As the countdown to midnight on 31 December ushered in 2016, it also brought with it an abrupt shift in focus for the lifestyle pages in glossy magazines and the advertising campaigns that herald the start of another year. Gone are the calls for festive indulgences, luxurious treats and celebration; instead it’s all about ‘new year, new you!’
Or, perhaps of more concern to those employers doing their utmost to retain top talent, ‘new year, new you, new job?’
Around a third (30%) of HR director respondents believe employees leave an organisation in search of a better work-life balance, compared to 27% who cite higher remuneration, including salary, bonus and benefits, as a key motivator for change, according to research by Robert Half UK, published in August 2015. With almost one in 10 (8%) new starters leaving a new role because of poor work-life balance, according to research by CV Library, published in November 2015, this is clearly an issue to consider when developing an effective attraction and retention strategy.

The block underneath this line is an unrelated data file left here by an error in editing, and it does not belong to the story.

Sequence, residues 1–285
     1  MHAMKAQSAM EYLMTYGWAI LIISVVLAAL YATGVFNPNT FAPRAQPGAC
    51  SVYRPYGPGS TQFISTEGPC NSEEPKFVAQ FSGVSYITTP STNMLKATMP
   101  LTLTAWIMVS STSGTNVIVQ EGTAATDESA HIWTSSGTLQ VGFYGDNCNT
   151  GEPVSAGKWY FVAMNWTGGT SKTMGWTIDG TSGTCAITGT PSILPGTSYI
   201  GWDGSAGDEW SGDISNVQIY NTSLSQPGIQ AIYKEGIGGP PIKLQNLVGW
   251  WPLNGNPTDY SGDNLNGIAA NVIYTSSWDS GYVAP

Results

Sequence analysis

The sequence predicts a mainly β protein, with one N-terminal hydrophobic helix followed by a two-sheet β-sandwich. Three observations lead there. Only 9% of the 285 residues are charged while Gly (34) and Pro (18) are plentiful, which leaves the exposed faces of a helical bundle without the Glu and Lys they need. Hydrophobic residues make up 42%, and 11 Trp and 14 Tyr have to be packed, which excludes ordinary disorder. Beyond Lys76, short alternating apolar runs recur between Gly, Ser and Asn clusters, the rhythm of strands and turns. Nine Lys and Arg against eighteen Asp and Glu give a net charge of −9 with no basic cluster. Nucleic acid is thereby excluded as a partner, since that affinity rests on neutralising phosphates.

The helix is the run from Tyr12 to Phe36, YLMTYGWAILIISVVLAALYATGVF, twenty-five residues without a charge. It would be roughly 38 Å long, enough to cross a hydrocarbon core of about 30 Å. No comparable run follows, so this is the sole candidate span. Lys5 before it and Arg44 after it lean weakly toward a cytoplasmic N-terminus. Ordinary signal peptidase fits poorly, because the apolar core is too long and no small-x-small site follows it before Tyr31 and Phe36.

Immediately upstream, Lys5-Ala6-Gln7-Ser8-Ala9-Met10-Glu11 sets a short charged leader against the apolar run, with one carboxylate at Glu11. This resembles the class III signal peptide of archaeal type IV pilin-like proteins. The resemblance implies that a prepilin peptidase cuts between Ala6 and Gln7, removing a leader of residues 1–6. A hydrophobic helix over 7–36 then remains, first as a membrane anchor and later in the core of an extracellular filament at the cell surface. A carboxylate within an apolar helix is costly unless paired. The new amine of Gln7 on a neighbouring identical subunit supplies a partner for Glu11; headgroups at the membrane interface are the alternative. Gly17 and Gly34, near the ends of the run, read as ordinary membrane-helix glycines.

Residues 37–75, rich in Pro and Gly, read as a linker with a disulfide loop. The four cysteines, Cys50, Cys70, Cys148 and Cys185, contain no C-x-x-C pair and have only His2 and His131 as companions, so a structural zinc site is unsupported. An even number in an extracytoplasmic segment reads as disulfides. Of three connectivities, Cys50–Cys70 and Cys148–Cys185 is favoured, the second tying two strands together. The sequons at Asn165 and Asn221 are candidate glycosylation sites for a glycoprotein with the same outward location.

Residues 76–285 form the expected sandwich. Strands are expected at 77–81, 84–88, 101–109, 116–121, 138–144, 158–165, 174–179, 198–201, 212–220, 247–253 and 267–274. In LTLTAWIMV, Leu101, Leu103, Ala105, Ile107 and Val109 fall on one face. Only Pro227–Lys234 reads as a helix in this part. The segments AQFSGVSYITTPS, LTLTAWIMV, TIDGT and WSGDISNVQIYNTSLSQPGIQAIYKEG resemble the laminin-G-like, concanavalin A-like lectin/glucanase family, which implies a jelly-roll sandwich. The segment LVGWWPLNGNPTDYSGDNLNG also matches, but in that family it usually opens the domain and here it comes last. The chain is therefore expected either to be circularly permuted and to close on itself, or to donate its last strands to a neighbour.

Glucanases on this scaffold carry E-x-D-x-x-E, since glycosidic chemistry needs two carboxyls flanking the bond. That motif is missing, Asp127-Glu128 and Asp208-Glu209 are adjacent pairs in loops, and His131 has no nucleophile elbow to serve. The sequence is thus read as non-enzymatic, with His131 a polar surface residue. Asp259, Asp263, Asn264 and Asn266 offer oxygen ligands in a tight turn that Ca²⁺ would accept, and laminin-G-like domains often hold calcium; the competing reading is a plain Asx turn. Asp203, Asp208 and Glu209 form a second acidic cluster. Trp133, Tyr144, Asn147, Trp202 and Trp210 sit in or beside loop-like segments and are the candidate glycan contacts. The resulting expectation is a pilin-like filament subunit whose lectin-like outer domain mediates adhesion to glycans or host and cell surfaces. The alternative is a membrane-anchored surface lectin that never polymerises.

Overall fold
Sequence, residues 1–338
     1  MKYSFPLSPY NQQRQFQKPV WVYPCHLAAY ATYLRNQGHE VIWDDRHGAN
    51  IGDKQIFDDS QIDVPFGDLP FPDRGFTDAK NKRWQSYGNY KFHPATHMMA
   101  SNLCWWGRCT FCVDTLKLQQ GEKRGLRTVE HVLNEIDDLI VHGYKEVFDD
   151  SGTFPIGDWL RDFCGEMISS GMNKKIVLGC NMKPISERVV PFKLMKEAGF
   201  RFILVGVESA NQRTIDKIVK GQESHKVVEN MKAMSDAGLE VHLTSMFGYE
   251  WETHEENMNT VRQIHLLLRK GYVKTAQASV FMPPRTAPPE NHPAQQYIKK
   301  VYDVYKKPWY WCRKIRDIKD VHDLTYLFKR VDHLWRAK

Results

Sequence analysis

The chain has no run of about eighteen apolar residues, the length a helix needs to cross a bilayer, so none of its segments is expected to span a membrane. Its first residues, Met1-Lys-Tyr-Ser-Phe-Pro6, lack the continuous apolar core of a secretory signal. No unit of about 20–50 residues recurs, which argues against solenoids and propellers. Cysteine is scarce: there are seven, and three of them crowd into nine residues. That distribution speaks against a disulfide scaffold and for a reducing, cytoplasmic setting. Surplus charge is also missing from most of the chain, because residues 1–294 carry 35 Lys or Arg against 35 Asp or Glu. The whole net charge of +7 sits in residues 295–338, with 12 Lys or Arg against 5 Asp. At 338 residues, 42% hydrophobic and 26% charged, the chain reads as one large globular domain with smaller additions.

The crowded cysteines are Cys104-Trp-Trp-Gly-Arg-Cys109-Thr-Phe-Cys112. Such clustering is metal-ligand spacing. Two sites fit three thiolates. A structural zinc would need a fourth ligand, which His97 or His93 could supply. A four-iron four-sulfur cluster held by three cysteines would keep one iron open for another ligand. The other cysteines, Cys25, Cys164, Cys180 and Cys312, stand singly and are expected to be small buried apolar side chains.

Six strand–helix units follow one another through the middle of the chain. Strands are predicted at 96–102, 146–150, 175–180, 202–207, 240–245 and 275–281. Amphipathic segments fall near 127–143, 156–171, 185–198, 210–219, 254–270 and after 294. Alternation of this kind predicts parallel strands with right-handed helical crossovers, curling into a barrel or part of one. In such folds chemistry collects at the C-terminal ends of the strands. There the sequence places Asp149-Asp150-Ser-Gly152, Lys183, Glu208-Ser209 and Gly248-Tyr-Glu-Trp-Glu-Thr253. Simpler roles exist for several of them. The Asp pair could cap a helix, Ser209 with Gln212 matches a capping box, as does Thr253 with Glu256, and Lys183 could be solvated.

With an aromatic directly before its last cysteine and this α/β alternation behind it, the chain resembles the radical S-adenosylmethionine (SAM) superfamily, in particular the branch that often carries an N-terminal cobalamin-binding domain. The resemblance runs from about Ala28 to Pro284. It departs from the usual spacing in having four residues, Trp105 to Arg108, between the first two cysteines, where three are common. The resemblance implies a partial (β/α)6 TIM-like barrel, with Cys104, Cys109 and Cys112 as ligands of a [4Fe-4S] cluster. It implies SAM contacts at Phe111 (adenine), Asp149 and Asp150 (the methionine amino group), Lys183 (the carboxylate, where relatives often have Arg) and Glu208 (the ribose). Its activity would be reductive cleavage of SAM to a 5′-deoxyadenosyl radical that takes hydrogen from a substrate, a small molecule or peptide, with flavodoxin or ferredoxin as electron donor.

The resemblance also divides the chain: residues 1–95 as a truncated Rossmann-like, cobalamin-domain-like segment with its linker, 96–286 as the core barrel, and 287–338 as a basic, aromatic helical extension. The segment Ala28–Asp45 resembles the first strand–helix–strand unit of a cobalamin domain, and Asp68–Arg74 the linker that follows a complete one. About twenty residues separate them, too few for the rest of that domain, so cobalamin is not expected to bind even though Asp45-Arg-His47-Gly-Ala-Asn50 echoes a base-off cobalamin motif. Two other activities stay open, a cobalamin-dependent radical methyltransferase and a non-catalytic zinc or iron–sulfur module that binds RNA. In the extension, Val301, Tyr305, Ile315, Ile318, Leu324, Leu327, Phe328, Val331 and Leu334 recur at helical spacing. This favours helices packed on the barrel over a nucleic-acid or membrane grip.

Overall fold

Interestingly, 12% of respondents to a YouGov survey, published in January 2015, included achieving a better work-life balance among their new year resolutions, a greater number than those attempting to give up smoking (5%) and reduce alcohol consumption (11%). Striving for a positive work-life balance was particularly high on the agenda for those in London (19%) and among younger respondents; 21% of 18-24 year olds, and 19% of 25-34 year olds, dropping to 12% of 45-54 year olds.
There is, then, scope for aligning employees’ personal goals with the business benefits of work-life balance. Fostering a workplace culture that supports flexibility and encourages employees’ interests outside of the office, could not only reduce recruitment costs, but also enhance motivation and engagement levels.
Making workloads more manageable and ensuring that staff have time to unwind and relax, can also have a positive impact on employee health and wellbeing, not to mention the knock-on effect on absenteeism, presenteeism and productivity.
Just 10% of respondents in the YouGov survey manage to fulfil their new year resolutions, while 32% usually break their’s by the end of January.
Perhaps by collectively committing to a better work-life balance, employers and employees will have a better chance of seeing the resolution through to the end of 2016 and beyond.